One of the president’s men even called us from the press conference addressed by the president to inform us that the Nigerian Guardian US correspondent, Laolu Akande was the only journalist who asked about the president’s third term agenda and drew the attention of the president to protesters outside the meeting. This was against the initial warning to all journalists present at the conference that no question outside the ‘fertilizer business’ would be entertained.

 

Courageously Laolu Akande, the North American Bureau Chief of Nigeria’s flagship print media, The Guardian broke protocol and was tongue-lashed by the president’s men. The president was not allowed to answer the question, thus confirming he third term agenda as a reality. We were happy that our message reached the president, even if he was not allowed to read our posters or have a feel of our ambush.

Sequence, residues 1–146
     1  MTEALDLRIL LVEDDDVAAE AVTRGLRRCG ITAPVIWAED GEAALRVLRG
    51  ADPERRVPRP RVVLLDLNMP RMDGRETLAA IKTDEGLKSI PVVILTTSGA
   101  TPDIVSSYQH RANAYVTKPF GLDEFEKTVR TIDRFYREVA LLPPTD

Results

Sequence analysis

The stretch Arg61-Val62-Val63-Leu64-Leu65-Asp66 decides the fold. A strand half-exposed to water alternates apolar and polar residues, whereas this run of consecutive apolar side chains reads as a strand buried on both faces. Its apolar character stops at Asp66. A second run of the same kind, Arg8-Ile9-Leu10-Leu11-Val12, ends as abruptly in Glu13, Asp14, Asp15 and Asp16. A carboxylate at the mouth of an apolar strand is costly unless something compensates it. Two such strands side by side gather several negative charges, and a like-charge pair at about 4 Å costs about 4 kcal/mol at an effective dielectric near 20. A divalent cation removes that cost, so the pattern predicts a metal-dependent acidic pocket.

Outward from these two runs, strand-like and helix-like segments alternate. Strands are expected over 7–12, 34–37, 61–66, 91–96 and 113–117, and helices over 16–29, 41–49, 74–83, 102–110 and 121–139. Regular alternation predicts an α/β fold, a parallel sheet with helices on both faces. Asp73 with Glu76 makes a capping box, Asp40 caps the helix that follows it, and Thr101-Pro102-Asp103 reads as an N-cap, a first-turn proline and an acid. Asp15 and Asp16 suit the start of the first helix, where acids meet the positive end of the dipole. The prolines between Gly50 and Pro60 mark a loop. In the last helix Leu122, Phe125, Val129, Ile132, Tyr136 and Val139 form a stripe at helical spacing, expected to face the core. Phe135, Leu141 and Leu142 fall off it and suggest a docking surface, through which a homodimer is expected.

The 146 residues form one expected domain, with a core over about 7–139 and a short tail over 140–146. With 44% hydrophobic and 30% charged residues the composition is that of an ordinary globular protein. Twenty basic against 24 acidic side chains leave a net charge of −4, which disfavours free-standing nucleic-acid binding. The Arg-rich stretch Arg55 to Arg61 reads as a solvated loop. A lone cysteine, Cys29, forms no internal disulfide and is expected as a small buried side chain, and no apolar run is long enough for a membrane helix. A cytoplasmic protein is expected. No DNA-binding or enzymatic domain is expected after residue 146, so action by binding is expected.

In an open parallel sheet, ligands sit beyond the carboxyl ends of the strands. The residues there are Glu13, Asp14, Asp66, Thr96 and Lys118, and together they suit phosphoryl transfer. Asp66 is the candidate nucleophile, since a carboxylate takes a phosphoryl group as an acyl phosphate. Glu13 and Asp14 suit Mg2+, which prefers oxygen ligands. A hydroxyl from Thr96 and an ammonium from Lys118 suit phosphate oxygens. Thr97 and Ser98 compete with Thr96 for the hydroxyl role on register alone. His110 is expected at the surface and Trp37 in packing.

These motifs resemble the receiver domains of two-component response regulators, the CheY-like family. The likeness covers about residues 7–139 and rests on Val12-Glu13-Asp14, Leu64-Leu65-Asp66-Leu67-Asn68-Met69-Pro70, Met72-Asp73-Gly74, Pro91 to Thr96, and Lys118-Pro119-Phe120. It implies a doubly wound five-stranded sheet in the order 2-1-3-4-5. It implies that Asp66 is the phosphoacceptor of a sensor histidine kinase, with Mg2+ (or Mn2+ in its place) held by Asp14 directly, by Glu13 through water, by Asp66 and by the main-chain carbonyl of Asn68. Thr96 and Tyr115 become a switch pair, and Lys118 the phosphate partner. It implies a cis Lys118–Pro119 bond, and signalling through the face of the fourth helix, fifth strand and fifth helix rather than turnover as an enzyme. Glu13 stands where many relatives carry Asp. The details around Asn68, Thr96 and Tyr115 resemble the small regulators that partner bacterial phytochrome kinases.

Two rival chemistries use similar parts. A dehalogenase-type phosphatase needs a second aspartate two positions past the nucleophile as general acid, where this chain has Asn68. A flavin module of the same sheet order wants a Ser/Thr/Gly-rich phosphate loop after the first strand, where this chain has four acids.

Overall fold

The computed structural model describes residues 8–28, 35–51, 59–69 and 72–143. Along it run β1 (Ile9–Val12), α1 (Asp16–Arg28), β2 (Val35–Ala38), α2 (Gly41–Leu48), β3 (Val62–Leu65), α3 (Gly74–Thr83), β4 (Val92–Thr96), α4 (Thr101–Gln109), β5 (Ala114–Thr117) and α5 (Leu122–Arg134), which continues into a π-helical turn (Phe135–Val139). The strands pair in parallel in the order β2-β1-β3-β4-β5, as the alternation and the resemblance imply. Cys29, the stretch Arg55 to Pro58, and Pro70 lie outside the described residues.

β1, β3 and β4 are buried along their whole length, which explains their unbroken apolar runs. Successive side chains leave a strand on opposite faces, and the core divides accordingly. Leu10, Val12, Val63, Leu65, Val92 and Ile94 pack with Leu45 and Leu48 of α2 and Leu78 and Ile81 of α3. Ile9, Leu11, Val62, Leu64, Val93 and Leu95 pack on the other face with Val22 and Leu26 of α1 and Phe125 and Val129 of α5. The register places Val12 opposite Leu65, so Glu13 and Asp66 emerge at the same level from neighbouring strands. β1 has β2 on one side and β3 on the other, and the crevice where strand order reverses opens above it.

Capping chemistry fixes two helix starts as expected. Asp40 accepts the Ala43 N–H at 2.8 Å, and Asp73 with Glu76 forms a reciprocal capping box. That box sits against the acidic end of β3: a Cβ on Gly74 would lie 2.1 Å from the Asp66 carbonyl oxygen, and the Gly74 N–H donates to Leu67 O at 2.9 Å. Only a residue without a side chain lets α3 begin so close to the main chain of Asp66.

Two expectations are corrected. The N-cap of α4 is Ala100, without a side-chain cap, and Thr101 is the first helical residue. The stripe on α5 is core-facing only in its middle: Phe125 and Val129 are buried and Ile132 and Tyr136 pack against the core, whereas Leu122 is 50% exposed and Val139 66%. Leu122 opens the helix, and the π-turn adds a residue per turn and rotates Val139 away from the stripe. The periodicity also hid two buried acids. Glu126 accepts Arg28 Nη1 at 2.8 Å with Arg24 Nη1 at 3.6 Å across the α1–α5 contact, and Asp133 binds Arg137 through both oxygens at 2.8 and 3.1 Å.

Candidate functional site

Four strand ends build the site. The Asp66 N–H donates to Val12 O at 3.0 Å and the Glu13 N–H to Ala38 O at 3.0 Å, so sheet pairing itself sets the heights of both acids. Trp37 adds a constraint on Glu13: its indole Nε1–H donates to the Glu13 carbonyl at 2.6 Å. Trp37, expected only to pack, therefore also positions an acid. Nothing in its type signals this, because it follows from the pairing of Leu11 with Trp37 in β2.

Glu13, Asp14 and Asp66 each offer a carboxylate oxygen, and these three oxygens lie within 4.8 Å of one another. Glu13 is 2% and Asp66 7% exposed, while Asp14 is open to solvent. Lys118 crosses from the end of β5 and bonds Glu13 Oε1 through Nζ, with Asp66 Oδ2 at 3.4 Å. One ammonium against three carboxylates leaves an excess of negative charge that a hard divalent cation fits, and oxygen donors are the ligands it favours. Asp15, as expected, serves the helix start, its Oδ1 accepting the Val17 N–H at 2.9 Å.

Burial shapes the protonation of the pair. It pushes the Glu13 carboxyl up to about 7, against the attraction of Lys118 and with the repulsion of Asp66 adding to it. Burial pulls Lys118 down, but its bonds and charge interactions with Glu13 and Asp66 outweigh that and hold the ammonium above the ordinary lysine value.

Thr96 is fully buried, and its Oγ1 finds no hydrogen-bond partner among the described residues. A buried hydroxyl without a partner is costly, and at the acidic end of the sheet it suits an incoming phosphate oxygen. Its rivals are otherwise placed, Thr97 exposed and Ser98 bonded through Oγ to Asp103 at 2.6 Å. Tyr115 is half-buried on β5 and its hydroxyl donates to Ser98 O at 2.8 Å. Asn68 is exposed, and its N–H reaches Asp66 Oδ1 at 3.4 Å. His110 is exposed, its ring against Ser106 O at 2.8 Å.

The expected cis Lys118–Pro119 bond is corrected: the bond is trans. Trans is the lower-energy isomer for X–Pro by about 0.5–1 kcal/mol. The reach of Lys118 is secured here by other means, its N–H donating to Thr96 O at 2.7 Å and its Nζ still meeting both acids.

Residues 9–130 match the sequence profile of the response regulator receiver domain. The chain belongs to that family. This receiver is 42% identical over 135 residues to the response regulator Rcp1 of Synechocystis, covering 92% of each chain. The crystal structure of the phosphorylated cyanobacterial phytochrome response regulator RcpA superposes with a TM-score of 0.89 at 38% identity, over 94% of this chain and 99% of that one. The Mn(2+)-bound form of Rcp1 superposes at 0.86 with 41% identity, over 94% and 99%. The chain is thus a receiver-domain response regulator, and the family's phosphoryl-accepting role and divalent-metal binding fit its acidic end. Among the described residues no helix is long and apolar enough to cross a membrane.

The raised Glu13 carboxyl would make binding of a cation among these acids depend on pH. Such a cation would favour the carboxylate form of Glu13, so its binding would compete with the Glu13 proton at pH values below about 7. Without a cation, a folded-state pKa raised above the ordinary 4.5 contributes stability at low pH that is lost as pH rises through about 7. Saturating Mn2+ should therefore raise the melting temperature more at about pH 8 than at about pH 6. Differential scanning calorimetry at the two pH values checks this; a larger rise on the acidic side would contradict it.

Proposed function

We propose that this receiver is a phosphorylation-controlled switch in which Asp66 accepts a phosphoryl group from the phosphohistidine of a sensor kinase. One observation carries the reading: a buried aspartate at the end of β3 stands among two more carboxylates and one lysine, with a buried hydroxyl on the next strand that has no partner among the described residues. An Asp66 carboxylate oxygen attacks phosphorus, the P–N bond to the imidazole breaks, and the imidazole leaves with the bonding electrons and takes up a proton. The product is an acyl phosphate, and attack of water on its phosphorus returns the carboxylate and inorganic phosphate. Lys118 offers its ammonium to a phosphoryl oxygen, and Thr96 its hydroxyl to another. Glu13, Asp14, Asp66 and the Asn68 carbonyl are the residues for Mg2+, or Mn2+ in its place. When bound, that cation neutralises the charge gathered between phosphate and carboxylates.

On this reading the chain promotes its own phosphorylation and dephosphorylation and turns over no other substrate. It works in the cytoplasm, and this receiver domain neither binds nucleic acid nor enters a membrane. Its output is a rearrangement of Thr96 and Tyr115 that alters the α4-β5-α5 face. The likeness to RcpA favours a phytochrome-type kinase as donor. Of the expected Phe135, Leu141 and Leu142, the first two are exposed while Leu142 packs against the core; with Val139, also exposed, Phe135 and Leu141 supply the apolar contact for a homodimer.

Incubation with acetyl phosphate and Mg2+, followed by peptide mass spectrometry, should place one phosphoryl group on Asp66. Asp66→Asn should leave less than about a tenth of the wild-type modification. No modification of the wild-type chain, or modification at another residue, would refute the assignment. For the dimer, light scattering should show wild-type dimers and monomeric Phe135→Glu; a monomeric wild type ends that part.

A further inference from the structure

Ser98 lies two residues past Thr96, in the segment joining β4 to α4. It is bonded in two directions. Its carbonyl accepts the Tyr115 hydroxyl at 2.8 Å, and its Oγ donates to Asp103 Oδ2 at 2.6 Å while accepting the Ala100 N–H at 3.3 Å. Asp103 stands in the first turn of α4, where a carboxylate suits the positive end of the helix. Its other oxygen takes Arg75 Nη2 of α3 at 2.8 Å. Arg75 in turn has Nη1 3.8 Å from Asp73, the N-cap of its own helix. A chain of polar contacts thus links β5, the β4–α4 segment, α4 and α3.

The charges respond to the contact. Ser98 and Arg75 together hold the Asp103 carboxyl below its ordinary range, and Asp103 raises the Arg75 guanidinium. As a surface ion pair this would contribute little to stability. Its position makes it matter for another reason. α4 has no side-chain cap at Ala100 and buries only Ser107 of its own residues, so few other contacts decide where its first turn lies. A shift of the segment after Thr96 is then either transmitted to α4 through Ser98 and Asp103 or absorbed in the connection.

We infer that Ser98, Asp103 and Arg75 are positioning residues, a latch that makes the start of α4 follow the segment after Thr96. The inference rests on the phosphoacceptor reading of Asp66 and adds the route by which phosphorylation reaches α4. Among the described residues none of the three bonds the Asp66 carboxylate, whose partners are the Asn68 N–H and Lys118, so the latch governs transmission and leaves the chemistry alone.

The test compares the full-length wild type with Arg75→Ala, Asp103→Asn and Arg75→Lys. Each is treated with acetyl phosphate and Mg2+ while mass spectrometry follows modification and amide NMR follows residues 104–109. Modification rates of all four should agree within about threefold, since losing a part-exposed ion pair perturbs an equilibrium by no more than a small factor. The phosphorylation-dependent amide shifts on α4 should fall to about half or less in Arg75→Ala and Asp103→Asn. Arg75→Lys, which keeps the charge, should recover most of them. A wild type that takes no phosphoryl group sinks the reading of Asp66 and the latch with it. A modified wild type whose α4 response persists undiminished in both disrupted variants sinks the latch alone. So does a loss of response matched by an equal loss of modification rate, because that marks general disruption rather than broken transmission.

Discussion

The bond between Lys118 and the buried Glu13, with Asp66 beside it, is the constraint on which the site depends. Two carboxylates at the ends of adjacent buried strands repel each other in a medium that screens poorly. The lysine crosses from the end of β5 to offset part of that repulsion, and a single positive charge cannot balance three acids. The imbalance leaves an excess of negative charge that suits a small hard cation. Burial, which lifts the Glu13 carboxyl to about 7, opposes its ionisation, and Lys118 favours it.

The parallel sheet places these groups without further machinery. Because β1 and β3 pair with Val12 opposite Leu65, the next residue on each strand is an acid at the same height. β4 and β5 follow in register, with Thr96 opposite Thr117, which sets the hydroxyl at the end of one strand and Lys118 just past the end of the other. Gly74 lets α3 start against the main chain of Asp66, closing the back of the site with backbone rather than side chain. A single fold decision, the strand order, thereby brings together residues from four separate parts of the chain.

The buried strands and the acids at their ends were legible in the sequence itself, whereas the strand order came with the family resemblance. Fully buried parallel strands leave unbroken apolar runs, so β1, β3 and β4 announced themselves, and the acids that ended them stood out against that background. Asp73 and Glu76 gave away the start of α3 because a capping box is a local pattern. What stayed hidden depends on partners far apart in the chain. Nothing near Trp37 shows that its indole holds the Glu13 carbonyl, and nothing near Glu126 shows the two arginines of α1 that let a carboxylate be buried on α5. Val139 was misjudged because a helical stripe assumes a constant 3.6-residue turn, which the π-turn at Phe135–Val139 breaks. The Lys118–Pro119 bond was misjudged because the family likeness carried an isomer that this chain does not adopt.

When this news of Laolu’s encounter with the president’s men reached our comrades during the protest, we all doffed our hat for the Guardian correspondent for having the courage to confront the president on the third term agenda amidst the crowd of sycophants that filled the venue of the Fertilizer meeting.

 

For making the New York protest a success, one cannot but salute the courage of comrades Sowore Omoyele, Bukola Oreofe, Titilayo Akosa, secretary genral of the Nigeria Association of Democratic Lawyers (NADL), George Alapka, and Mohammed B Shehu amongst other patriots for putting their time and resources together for the on-going struggle for the emancipation of the Nigerian masses.